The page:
Charles Conn was in his hotel room in Atlanta looking through the Yellow Pages for a restaurant. He found one named: Church of God Grill. He was too curious not to call, so he dialed the number and got the owner. “Hello, Church of God Grill.” Conn asked how the diner had been given such an unusual name.
“Well, we started a little church down here, and then started selling chicken dinners after church on Sunday to help pay the bills. People liked the chicken, and we did such a good business, that eventually we cut back on the church service. After a while we just closed down the church altogether and kept on serving the chicken dinners. We kept the name we started with, and that’s Church of God Grill.”
It's called getting sidetracked. You start out in one direction, full of enthusiasm and passion, then something of greater interest pulls you off the road. We see this in everyday life. Give me a list of what you want me to get from the grocery store and I guarantee there will be more in the basket than on the list when I check out. The things written on the list don’t hold my attention.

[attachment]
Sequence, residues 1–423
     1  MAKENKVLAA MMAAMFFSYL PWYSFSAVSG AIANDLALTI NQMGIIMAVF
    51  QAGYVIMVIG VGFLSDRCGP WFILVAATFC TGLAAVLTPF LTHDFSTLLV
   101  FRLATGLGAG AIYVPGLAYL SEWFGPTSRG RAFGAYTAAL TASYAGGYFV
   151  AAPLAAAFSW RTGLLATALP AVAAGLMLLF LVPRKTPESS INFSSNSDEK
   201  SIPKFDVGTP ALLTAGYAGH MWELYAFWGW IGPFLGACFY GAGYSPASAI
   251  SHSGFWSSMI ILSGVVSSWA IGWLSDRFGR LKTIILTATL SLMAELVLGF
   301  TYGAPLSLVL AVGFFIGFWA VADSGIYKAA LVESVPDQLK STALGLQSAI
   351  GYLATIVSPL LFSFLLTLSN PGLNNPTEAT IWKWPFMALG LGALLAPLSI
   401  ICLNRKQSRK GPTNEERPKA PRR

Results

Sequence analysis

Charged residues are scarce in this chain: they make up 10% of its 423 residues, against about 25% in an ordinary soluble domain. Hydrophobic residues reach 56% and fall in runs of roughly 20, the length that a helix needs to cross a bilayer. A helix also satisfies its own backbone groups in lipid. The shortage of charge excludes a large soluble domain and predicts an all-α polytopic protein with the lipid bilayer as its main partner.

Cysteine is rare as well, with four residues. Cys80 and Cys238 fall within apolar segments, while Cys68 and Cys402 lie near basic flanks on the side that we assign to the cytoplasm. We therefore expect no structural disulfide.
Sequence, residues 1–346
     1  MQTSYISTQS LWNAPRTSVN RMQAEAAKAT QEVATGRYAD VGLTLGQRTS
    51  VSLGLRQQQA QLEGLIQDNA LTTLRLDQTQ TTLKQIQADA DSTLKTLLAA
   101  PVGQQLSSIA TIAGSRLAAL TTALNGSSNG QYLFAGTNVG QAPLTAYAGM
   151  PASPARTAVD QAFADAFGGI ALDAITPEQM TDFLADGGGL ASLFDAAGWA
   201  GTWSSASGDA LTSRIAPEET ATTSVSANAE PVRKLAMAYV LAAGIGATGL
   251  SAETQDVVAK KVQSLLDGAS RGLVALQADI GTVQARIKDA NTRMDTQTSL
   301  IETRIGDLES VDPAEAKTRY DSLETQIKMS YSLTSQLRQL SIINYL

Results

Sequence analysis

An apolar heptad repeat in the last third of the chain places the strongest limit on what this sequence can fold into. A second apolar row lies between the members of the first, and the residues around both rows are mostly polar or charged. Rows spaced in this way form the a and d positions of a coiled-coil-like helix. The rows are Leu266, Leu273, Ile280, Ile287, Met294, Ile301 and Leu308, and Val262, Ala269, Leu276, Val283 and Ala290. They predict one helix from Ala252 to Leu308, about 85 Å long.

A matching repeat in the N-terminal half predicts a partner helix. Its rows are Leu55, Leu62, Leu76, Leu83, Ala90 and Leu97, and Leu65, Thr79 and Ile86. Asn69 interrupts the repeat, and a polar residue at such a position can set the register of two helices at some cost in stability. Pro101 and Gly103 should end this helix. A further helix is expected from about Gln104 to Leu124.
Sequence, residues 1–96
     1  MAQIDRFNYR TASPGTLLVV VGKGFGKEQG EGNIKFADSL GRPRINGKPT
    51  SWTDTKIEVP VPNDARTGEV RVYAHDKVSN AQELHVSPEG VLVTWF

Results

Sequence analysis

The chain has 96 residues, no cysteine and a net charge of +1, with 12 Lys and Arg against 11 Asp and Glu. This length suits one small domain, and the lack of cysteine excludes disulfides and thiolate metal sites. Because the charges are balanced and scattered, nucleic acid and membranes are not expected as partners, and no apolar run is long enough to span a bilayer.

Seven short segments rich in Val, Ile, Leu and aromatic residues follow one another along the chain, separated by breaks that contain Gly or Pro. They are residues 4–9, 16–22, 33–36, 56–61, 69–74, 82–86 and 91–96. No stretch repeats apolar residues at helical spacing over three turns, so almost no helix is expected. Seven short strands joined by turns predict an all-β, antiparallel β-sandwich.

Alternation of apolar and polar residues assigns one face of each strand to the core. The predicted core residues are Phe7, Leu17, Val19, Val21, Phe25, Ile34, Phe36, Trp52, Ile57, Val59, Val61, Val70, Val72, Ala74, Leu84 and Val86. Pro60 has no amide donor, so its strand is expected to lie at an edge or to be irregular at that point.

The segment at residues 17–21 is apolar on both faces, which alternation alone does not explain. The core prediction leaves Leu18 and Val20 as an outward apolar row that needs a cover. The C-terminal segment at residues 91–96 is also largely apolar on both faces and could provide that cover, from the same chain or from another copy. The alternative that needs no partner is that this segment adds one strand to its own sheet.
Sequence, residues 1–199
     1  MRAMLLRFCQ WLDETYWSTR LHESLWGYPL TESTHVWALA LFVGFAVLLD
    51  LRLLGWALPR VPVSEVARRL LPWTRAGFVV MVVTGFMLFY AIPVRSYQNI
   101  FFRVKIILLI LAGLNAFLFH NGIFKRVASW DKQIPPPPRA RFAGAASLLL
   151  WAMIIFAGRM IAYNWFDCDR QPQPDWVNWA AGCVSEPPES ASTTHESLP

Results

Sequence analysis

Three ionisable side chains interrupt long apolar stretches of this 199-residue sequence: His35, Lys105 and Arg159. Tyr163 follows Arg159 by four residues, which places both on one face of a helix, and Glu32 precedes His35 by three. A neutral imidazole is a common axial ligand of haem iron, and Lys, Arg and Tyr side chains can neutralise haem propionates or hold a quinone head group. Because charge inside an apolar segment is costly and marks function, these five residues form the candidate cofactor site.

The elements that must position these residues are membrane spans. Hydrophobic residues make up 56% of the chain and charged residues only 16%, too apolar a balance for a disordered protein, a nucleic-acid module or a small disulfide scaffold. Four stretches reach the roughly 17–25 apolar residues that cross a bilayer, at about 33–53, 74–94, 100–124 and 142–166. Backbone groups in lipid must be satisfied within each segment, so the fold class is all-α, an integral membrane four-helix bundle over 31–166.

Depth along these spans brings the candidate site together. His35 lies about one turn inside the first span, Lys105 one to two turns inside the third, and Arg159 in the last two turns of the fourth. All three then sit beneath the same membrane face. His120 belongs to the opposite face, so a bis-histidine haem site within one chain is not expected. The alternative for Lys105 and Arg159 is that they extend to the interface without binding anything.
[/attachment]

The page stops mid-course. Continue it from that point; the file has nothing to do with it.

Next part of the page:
We see it in work. I have a mission to accomplish. I’m excited to get to it, but when a lull hits, or I have to wait for something to get done before I can finish, I lose interest. I see something else that I’d rather be doing. And the mission is left undone.
A hunting dog running after a rabbit, can get distracted by a bird or a squirrel and will give up on the primary target to go after less desirable game.
We also see it in our spiritual lives. When Paul went through Galatia on his third missionary journey, he established the churches there according to his standard practice. They knew the truth of salvation. They had Elders to Titus 1:9 hold fast the faithful word which is in accordance with the teaching, so that they will be able both to exhort in sound doctrine and to refute those who contradict. The safeguards were built in, yet due to the distractions of outside influences, uninformed or deceptive teachers, they were no longer pursuing the original doctrines.